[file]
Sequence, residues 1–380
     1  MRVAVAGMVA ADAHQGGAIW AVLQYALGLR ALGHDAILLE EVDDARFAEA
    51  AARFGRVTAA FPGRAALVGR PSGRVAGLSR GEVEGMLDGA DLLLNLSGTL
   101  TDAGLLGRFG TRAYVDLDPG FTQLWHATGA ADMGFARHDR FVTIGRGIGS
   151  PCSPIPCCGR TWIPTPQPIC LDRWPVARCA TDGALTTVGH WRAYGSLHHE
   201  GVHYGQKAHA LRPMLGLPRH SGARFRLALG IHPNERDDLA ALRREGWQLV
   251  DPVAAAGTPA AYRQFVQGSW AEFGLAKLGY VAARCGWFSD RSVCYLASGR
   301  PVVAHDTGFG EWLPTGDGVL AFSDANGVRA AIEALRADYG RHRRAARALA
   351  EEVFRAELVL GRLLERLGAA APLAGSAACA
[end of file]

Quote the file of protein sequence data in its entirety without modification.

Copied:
Sequence, residues 1–380
     1  MRVAVAGMVA ADAHQGGAIW AVLQYALGLR ALGHDAILLE EVDDARFAEA
    51  AARFGRVTAA FPGRAALVGR PSGRVAGLSR GEVEGMLDGA DLLLNLSGTL
   101  TDAGLLGRFG TRAYVDLDPG FTQLWHATGA ADMGFARHDR FVTIGRGIGS
   151  PCSPIPCCGR TWIPTPQPIC LDRWPVARCA TDGALTTVGH WRAYGSLHHE
   201  GVHYGQKAHA LRPMLGLPRH SGARFRLALG IHPNERDDLA ALRREGWQLV
   251  DPVAAAGTPA AYRQFVQGSW AEFGLAKLGY VAARCGWFSD RSVCYLASGR
   301  PVVAHDTGFG EWLPTGDGVL AFSDANGVRA AIEALRADYG RHRRAARALA
   351  EEVFRAELVL GRLLERLGAA APLAGSAACA